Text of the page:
Highly similar requirements for Drosophila SCAR and Arp2/3 complex components in regulating cytoplasmic organization in the blastoderm and cell morphology in CNS neurons, egg chambers, and adult eyes are demonstrated. These results suggest that SCAR and Arp2/3 complex components function in a common pathway in vivo, consistent with their well-established regulatory interaction in vitro. These roles of SCAR and the Arp2/3 complex are largely independent of WASp function, suggesting that SCAR is the primary regulator of Arp2/3-dependent morphological processes in Drosophila. In contrast, WASp is specifically required for the Arp2/3-dependent regulation of asymmetric cell divisions (Ben-Yaacov, 2001; Tal, 2002) a process that is independent of SCAR. These results demonstrate that SCAR and WASp perform generally nonoverlapping functions during Drosophila development and that the Arp2/3 complex can participate in distinct cell biological events in response to different regulators. Although SCAR and WASp can account for all characterized Arp2/3 complex functions in Drosophila, recent studies have described Arp2/3 complex regulators outside of the Scar/Wasp family (Jeng, 2001). Therefore, homologs of such elements (such as Cortactin and Eps15/Pan1p) may also play a role in Arp2/3-dependent processes during Drosophila development (Zallen, 2002).

A requirement for SCAR in the regulation of axon morphology in the Drosophila CNS has been demonstrated. The striking enrichment of SCAR protein in axons is consistent with a direct role for SCAR in axon development. In particular, the breaks in longitudinal and commissural axon bundles in SCAR mutant embryos may indicate a defect in axon growth. However, these phenotypes could also reflect defects in other aspects of nervous system formation, such as axon guidance, axon initiation, or neuronal differentiation. Morphological characterization of SCAR mutants at single neuron resolution will provide greater insight into the processes that require SCAR function (Zallen, 2002).

The CNS axon defects in SCAR mutant embryos resemble defects caused by simultaneous zygotic disruption of the Abl tyrosine kinase and a diverse set of elements including the Fasciclin I transmembrane protein, Armadillo/ß-catenin, Chickadee/profilin, and the Trio Rac/Rho guanine nucleotide exchange factor. Interestingly, Scar/WAVE-1 has been shown to associate with the SH3 domain of the Abl tyrosine kinase, suggesting that they may directly interact in vivo (Westphal, 2000). The observation that multiple zygotic mutations are required to replicate the SCAR phenotype is consistent with a model where SCAR functions downstream of multiple signaling pathways that converge on regulation of the actin cytoskeleton (Zallen, 2002).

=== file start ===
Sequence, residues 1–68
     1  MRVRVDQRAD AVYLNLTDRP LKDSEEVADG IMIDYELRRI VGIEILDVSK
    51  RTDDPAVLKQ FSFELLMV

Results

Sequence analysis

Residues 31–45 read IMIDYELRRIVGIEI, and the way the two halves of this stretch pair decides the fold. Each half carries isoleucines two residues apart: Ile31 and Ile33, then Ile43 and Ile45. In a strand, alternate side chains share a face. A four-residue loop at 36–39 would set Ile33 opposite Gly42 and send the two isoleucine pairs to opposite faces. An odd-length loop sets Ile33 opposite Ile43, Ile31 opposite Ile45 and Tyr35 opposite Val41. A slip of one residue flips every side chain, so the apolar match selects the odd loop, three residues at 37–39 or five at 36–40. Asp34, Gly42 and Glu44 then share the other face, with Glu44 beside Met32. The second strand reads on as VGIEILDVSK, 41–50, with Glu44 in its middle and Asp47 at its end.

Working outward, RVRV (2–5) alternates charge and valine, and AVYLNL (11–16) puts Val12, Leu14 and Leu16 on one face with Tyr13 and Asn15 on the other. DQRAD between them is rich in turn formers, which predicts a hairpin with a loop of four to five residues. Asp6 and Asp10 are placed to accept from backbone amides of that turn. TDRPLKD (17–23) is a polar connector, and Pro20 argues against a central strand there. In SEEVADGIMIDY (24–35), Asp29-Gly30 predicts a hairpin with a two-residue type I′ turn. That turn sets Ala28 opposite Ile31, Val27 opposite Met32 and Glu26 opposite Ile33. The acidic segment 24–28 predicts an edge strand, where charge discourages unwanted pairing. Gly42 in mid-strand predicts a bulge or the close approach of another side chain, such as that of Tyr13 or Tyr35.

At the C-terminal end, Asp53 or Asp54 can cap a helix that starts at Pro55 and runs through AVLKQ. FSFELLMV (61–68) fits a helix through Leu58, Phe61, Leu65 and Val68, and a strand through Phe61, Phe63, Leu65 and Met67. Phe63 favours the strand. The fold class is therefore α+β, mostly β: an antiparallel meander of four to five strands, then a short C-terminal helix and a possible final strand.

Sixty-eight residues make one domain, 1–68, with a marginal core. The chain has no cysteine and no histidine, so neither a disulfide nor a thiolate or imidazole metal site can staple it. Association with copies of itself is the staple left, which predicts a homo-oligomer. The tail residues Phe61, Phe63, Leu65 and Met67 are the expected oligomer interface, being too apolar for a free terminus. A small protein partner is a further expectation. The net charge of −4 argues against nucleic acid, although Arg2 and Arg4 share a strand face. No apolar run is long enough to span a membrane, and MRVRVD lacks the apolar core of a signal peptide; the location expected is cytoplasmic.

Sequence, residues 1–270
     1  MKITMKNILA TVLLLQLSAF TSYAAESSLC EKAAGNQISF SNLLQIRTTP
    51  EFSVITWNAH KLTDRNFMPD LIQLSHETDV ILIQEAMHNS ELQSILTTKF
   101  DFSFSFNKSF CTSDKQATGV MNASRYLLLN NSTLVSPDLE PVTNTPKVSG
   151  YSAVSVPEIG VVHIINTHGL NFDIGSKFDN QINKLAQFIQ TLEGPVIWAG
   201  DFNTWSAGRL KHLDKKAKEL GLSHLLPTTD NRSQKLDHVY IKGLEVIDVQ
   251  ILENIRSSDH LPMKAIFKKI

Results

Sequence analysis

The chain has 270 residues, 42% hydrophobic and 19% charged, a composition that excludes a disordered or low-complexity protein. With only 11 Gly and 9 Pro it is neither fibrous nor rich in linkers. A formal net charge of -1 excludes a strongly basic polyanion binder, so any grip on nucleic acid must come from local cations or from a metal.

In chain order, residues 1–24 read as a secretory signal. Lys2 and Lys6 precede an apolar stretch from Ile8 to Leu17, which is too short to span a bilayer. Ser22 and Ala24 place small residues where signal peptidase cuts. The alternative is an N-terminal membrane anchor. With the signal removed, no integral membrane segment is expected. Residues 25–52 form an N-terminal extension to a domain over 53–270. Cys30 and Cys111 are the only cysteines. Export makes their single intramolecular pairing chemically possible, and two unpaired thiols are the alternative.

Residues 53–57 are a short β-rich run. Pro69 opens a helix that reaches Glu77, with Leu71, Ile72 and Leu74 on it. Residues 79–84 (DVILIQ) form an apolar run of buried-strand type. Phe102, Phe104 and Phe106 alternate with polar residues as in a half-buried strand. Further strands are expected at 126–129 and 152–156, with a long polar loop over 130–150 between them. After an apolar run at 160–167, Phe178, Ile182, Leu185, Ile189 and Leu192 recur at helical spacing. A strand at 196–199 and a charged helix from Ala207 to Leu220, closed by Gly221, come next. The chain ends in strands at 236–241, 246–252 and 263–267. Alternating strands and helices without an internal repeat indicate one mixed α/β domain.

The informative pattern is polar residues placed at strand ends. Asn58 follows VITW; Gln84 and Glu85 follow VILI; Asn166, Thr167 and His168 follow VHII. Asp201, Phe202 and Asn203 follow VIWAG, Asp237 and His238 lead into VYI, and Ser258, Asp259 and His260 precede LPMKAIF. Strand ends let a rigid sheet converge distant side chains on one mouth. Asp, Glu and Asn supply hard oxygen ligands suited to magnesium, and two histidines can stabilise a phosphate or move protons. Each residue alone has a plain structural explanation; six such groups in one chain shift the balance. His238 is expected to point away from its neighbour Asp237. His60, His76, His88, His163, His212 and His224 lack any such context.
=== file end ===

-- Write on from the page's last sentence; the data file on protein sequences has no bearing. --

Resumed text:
The defects in axon morphology caused by reduction of maternal and zygotic SCAR are similar to those produced by zygotic disruption of Arp3 or simultaneous zygotic disruption of Arp3 and Arpc1 or SCAR and Wasp. These results suggest that SCAR, Wasp, and the Arp2/3 complex may affect a common process in neuronal development involving actin regulation. The contribution of both SCAR and Wasp to axon morphology could be explained by several possible mechanisms. In one model, SCAR and Wasp might regulate a common activity of the Arp2/3 complex, such as in the context of a specific actin structure or in contribution to bulk actin levels. Their functional differences in vivo could be achieved through differences in expression, activation, or subcellular localization. Alternatively, SCAR and Wasp could regulate distinct activities of the Arp2/3 complex, producing different actin structures that participate in diverse cell biological processes such as cell morphology (SCAR) and asymmetric cell division (Wasp). It will be interesting to examine how SCAR and Wasp intersect with regulators and effectors to achieve the specific organization of actin structures in different contexts (Zallen, 2002).

SCAR and the Arp2/3 complex regulate actin polymerization and organization in the blastoderm embryo. The dramatic reduction in actin levels of Drosophila Arpc1 mutants indicates that the Arp2/3 complex is an essential source of filamentous actin in the blastoderm embryo. This is consistent with experiments in other systems, where the Arp2/3 complex is required for actin polymerization in yeast actin patches (Pelham and Chang, 2001) and cell extracts in response to the Cdc42 GTPase (Ma, 1998; Mullins and Pollard, 1999) or the Listeria pathogen (Welch, 1997). These results also suggest that the SCAR regulator mediates this Arp2/3-dependent actin polymerization in the blastoderm. A similar reduction in filamentous actin is observed in Dictyostelium Scar mutants (Bear, 1998), and budding yeast Bee1 is required for actin polymerization at actin patch structures in a permeabilized cell assay (Lechler and Li, 1997). Together, these results demonstrate a conserved role for the Arp2/3 complex and WASp/Scar proteins in promoting actin polymerization in vivo as well as in vitro (Zallen, 2002).